Women medicos opt psychiatry for a career in Kashmir

Women medicos opt psychiatry for a career in Kashmir

Women medicos opt psychiatry for a career in Kashmir

Female patients easily open up and explain their problems to women psychiatrists.

Psychiatrist was considered a mad man’s doctor in Kashmir, more so among women.

But the scenario is slowly changing. Till 2012, psychiatry was not a preferred medical speciality for female medicos in the Valley, as there was not even a single woman in this field.

In the last two years, four out of nine candidates, who have joined Psychiatry
Department of the Government Medical College (GMC) Srinagar, are women.

It was Dr Yuman Kawoos, 28, who despite opposition from her friends and relatives, decided to go against the trend in 2012.

“It was a tough decision to pursue PG in psychiatry as I was among the toppers and could have chosen any branch. Friends and relatives criticised me when I told them I am joining psychiatry.

They told me I am among top 20 in the Common Entrance Test (CET) and I should choose a better branch,” Dr Kawoos told Deccan Herald at the Psychiatric Diseases Hospital in Srinagar.

“As there is stigma attached with psychiatry, my friends and relatives tried their best to dissuade me from opting for it,” she added.

Asked what prompted her to join psychiatry, she said: “I always wanted to work for the betterment of destitutes and there is no better field than psychiatry.”

The young psychiatrist said she is more than happy two years after she joined the department.

“After me, three more girls have joined this department, which is a welcome trend,” she said and added psychiatry in general is still not been considered an important medical speciality due to various societal apprehensions and ignorance.

Dr Kawoos’s views were echoed by Dr Insha Rauf, who joined the department last year.

“When I was pursuing MBBS, I developed interest in psychiatry. During my internship, I treated two psychiatric patients and then I decided that it is the best branch for me,” she said. 

Like her senior colleague, Dr Rauf was also dissuaded by her acquaintances when she chose psychiatry.

“People would tell me that I would be called doctor of mental patients. Even during the counselling, one of the counsellors asked me ‘Aur kuch nahi mila, yeha karna hein. (Didn’t you find anything suitable and you want to do this)’,” chuckling Insha said. “He (counsellor) tried to scare me saying one day a psychiatrist himself becomes pagal (mad).”

Dr Rauf said deliberate self-harm (DSH), which is an index of social deprivation, is closely linked with unemployment, overcrowding, substance misuse, physical and sexual abuse during childhood and domestic violence.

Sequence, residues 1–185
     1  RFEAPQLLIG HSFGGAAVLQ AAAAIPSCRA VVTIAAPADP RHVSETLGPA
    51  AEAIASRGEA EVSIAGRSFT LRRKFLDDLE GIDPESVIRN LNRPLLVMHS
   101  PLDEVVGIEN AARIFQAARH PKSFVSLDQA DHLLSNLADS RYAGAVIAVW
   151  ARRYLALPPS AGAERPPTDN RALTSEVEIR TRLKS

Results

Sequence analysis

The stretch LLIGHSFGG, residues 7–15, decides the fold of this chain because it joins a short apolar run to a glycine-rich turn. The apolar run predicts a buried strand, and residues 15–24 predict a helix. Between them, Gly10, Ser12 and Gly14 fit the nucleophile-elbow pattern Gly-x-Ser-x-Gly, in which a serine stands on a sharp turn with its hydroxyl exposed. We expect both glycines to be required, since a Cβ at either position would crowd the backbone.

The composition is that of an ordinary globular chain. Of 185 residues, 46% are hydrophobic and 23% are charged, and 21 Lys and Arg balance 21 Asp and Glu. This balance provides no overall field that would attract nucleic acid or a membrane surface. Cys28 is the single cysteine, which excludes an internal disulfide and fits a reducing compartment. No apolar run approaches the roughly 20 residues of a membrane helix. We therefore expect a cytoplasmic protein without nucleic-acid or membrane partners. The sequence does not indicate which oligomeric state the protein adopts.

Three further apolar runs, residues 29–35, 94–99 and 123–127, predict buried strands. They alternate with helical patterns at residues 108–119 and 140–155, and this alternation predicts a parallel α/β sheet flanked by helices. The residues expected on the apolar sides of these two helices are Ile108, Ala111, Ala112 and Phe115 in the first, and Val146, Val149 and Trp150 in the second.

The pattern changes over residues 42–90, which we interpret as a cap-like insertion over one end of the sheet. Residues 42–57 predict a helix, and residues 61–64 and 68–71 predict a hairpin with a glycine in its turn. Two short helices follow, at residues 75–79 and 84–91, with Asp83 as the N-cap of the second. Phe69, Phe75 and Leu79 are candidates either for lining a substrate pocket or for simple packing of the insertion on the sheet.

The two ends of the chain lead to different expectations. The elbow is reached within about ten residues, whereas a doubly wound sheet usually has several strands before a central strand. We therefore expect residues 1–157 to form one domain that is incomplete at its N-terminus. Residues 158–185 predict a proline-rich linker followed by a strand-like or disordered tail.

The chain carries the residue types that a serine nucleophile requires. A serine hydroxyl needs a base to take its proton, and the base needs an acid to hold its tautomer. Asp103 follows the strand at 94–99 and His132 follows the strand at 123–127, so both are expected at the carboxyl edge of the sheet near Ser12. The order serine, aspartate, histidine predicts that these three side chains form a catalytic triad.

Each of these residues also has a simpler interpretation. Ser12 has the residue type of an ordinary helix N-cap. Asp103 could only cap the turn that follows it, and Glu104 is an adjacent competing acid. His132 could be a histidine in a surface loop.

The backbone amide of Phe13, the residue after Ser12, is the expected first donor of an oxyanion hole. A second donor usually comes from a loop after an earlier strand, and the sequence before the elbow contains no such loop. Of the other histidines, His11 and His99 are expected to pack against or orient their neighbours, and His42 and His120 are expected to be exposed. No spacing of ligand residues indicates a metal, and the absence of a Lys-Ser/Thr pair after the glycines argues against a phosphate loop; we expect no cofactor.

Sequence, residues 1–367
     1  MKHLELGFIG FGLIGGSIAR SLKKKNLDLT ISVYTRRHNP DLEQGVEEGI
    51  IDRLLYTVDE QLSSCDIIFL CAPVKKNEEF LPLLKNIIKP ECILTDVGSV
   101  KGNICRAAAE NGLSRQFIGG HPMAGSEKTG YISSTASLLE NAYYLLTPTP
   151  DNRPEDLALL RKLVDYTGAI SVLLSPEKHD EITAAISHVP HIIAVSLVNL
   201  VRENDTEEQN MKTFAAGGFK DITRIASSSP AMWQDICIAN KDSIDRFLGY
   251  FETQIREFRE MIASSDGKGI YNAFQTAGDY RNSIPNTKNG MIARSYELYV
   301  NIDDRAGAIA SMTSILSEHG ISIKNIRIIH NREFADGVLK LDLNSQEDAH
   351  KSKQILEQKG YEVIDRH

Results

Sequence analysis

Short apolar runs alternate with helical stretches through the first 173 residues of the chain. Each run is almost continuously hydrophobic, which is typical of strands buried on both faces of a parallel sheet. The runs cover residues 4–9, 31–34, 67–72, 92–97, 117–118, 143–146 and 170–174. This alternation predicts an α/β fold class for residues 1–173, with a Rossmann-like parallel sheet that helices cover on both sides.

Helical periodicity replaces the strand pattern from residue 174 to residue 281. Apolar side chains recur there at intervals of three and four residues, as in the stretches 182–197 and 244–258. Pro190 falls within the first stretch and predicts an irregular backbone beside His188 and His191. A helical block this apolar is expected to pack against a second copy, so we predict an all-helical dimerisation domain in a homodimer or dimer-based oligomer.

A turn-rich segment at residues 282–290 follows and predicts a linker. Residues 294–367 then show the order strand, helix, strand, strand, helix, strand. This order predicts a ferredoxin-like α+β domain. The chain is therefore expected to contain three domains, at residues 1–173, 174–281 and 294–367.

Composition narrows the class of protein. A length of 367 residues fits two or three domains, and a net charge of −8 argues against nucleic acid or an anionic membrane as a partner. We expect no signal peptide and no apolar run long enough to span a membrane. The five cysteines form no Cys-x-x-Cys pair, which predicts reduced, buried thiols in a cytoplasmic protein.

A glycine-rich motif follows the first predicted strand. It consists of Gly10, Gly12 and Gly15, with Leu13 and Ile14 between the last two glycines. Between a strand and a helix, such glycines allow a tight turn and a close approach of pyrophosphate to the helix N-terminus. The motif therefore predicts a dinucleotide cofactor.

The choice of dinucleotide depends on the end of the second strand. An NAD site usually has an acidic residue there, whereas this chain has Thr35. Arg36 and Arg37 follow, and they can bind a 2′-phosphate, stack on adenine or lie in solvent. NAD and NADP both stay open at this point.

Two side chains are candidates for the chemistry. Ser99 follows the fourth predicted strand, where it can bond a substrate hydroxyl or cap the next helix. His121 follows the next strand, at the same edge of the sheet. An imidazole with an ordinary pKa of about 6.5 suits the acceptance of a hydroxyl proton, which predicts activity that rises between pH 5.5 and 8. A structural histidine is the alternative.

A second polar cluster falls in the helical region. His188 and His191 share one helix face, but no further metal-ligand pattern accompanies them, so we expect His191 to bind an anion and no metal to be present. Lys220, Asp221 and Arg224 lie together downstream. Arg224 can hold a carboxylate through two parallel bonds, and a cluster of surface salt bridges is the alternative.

“There is a higher prevalence of DSH in women of all ages. The needs for safety, privacy and dignity of female patients in mental health units have been recognised worldwide,” she added.

Though women psychiatrists are in faculty positions in a number of medical colleges across the country and have held important positions in the Indian Psychiatric Society at different times, it will take long years in Kashmir before women will carve a niche for themselves in the field.

“The trend of increasing number of female doctors joining psychiatry in Kashmir is similar to the worldwide trend. The change may be recent in Kashmir, though it has existed worldwide for the last few decades. Women psychiatrists appear extremely interested and glad with their choice to be in this field,” Kashmir’s renowned psychiatrist Dr Arshid Hussain told Deccan Herald.

He termed women medicos taking psychiatry as important in Kashmir. “In psychiatry, if you don’t develop empathy with a patient, he/she doesn’t open up easily. And especially for female patients, women psychiatrist can be the best choice,” Dr Hussain said.

Tracing the history of women psychiatrists in Kashmir, he said, in 1970s Prof Erina Hoch from Switzerland worked as the first Professor and Head of undergraduate department of psychiatry in GMC, Srinagar, and the Medical Superintendent of the Psychiatric Hospital to
increase the awareness about the emotional disorders.

Dr Hussain said the trend of young women medicos taking psychiatry as a career should be encouraged. “Inclusion of women psychiatrists in education, training, research, clinical care, and policy-making will have influence on the mental healthcare system,” he added.

Dr Zaid Ahmad Wani, Associate Professor in GMC’s Psychiatry Department, said Kashmir, being a conservative society, needs women psychiatrists.

“It is mostly difficult for female patients who have sexual disorders to reveal them to a male psychiatrist. Also, it is difficult for a male psychiatrist to get proper history from a female patient with childhood abuse. But they easily confide in a female psychiatrist,” he said.

“Many female patients abused by their relatives during their childhood have
difficulty in telling psychiatrists. With women psychiatrists around now, we are finding that more women open up before them,” he revealed.

Dr Wani acknowledged that female post-graduates have really helped them in giving a better treatment to the patients.

“Since most of the patients visiting the psychiatric hospital are women, it beco­mes easier for them to relate to a female psychiatrist, thus starting an immediate therapeutic alliance,” he said and recommended that there should be a female psychiatrist in every district hospital.

“Also many of the patents who suffer from adjustment disorders related to the conflict at home are happy to relate their problems to a female than a male,”
Dr Wani added.